Two American League Arms on the Rise

Hey AL-only players, you didn’t think Santa Paul forgot about you, did you? I offered two NL arms on the rise on Tuesday, one for all-formats and another geared toward to deeper leagues (at least until he proves himself some more), and I’ve got the same for the American League today.

Carlos Rodon, CWS – pick 238 in early November, pick 158 in a draft last week

I think you can ignore that early November price because you won’t get him that late in other drafts. He jumped 80 picks in less than a month based on nothing and then I did a 12-teamer just this week (the roster setup is different than these other two drafts so I didn’t include the ADPs on purpose) and he was up at pick 140. He’s likely to live in the 130-175 range.

Rodon had an up-and-down season ERA-wise. Through five starts he had a 4.96 ERA, but four starts later he was down to 2.66 only to jump back up to an even 5.00 through 18 starts. He finished with a 3.75 ERA in 26 starts thanks to a fantastic finish: 1.81 ERA, 1.08 WHIP, 8.1 K/9 (22% K%), and a 2.3 K:BB ratio – which was a sharp improvement on his 1.8 through 18 starts – in 54.7 IP (8 starts).

As is often the case for rookies finding their way, his troubles were isolated to a handful of disastrous starts. He has three starts of 7+ ER and didn’t throw more than 4 IP in any of them. He had another 4 IP/5 ER start in there, too. The 27 ER in those four starts accounted for 47% of his earned runs all year. He had a 2.24 ERA in his other 22 starts (124.7 IP).

Walks were an issue all year: 11% even in those 22 starts and 16% in the four super-duds. But so were the strikeouts as he notched 139 in 139.3 total innings. The key to surviving those walks is that he’s often really difficult to hit. He allowed 29 hits in those 14.7 IP during the four duds for an impossible 17.8 H/9, but the 7.2 H/9 mark during those other 22 starts is in line with what Sonny Gray and Dallas Keuchel allowed for the whole season.

The plus-plus slider saves him even when the fastball (which has plus velocity, but righties hit it) isn’t clicking. Lefties didn’t stand a chance against it (.389 OPS, 48% K%) and righties weren’t that much better (.533 OPS, 43% K%). The changeup wasn’t great overall (.910 OPS) in a tiny 31 PA sample, but did look better toward the end of the season (.425 OPS in 10 PA). Parsing an already-small sample is dangerous. The change is definitely a work in progress, but I think it’s going to come together and give him a reliable third pitch.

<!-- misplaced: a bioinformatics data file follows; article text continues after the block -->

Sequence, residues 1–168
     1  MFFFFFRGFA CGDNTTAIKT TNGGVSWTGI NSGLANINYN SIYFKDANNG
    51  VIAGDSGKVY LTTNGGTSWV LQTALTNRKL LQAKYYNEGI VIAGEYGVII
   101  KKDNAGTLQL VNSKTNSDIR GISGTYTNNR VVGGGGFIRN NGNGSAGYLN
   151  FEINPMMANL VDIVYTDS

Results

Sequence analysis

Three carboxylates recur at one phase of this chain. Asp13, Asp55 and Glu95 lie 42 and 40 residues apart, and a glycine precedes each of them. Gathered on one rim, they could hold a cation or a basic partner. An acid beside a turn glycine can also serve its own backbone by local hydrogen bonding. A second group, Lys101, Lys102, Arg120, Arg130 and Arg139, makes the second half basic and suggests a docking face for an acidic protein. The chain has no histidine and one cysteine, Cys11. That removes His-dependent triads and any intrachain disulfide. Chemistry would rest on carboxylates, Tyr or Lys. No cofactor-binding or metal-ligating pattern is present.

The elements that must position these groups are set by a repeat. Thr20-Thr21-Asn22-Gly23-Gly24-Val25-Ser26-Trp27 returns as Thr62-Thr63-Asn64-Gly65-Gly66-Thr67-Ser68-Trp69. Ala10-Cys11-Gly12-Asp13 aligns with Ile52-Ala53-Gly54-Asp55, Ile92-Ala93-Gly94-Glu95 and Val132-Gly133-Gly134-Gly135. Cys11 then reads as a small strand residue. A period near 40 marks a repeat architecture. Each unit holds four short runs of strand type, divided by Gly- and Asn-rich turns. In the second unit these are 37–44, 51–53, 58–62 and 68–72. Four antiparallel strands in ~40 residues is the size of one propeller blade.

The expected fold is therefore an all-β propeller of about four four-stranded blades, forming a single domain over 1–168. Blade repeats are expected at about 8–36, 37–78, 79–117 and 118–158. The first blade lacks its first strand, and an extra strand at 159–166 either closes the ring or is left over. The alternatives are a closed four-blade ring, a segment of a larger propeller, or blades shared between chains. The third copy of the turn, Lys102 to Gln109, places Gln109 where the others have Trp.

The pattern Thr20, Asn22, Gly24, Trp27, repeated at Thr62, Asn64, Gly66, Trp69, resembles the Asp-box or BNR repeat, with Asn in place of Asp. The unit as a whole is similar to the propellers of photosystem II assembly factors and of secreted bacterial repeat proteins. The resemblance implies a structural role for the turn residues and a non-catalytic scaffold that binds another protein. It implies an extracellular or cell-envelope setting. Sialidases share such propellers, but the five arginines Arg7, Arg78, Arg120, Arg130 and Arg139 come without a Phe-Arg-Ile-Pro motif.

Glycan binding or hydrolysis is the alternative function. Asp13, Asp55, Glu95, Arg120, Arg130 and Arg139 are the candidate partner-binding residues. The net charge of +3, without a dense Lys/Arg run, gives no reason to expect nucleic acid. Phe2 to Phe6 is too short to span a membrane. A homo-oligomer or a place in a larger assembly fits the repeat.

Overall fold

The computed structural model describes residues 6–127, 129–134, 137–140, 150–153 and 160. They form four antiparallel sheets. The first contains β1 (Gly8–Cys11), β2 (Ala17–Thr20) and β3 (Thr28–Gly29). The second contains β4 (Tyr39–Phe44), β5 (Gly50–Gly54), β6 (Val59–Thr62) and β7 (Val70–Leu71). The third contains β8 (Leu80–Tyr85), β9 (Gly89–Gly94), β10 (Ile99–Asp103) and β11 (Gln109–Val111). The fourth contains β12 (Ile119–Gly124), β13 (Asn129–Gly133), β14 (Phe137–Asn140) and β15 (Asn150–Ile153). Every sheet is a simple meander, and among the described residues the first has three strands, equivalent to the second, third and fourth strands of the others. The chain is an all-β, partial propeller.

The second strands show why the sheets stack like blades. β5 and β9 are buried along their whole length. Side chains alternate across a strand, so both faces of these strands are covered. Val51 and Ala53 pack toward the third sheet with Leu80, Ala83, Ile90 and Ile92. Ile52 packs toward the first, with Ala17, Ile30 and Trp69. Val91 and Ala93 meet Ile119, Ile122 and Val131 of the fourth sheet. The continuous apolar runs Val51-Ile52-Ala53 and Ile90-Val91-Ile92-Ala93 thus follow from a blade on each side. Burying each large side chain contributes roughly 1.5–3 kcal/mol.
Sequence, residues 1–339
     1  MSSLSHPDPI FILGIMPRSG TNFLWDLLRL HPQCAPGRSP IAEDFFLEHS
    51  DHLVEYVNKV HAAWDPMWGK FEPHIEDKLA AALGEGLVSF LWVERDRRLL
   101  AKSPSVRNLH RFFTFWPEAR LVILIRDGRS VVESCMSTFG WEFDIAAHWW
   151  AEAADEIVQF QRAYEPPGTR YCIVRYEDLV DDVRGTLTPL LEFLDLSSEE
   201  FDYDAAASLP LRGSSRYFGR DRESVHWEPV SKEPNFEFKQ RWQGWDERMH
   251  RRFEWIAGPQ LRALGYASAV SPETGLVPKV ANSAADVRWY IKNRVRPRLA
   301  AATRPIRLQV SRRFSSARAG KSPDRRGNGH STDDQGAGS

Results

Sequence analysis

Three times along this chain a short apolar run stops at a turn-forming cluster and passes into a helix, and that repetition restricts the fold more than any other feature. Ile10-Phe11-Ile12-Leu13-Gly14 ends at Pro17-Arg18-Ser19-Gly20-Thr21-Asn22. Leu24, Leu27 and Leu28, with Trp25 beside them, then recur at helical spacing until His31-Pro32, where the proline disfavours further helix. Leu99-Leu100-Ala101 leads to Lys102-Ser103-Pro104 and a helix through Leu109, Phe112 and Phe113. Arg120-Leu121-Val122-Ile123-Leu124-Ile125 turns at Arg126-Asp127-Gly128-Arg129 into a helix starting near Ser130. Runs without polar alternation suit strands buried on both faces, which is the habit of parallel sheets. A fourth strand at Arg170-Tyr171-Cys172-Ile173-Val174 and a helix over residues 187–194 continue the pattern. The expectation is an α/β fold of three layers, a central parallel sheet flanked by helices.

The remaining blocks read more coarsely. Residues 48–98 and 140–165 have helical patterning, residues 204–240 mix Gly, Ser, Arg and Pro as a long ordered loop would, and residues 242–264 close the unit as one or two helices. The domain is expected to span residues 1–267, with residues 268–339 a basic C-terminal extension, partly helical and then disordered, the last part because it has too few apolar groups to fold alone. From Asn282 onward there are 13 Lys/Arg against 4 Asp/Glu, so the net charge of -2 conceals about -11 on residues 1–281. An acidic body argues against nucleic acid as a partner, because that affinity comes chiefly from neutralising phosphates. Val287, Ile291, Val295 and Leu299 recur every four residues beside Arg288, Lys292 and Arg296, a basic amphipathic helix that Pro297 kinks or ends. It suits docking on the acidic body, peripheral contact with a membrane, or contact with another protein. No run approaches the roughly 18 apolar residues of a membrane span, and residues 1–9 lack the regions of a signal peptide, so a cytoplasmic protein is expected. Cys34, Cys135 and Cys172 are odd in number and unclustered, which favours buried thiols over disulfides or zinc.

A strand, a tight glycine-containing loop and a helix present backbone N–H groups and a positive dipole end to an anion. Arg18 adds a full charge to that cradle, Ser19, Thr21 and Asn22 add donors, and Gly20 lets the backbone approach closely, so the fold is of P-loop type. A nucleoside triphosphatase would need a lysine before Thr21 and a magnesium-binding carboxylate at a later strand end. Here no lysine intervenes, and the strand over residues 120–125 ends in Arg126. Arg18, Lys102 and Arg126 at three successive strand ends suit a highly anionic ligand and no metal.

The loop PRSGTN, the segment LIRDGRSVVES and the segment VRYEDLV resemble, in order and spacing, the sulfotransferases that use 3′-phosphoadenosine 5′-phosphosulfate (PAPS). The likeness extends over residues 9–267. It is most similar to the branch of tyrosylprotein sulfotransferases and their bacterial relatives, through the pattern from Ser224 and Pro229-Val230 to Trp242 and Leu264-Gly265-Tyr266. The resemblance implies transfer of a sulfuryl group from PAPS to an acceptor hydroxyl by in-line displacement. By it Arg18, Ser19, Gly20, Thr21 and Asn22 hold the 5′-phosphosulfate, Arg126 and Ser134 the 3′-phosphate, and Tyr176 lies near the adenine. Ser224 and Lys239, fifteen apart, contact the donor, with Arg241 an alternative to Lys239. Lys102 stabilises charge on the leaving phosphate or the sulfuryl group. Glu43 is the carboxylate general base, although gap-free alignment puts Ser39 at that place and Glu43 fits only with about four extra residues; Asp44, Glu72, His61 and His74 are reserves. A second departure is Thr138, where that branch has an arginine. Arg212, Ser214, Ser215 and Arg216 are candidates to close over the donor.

Young arms with control issues are nothing new. Hell, Jake Arrieta had a 4.0 BB/9 through his first 409.7 IP as a major leaguer. Dallas Keuchel’s debut saw him walk 4.1 batters per nine in 85.3 IP at age-24. They both just won Cy Young Awards with a 2.0 or better BB/9. Even that Clayton Kershaw dude had walk issues before figuring it out: 4.2 BB/9 through 483 IP, 1.9 in 1128 since. Obviously those are premium outliers, but Rodon is a premium arm.

A little lower on the spectrum, think about someone like Gio Gonzalez. He walked 4.4 per nine for 535.3 IP to start his career. He hasn’t exactly become a control artist, but his 3.4 BB/9 in 729.3 IP since has helped him to develop into a high-quality pitcher (115 ERA+ during that time). Rodon might not completely eradicate his walk issues like Arrieta, Keuchel, and Kershaw but even cutting down to something in the mid-3.0s like Gonzalez and Yu Darvish eventually did would be a big step forward.

Pros:

  • Two plus pitches (a plus-plus slider and mid-90s fastball)
  • The strikeouts (23% K% courtesy of said slider with the potential for more)
  • A workable third pitch (it still needs work, but he’s committed to it)
  • Workload (threw 149.3 IP in ’15 so he shouldn’t have any major inning restrictions for ‘16)

Cons:

  • The walks (12% BB% won’t work; could take time, but anything sub-10% would play in ’16)
  • The change (yes, it’s a pro and a con: pro because he was using at an 11% clip from June on, but a con because it was knocked around)

Outlook:

  • Make no mistake, this is a high-risk investment, but one very much worth making because the potential payoff is so substantial. In the short-term we could see a focus on throwing strikes to cut those walks at the expense of some punchouts. The stuff is there, it’s now about mastering the finer points of pitching.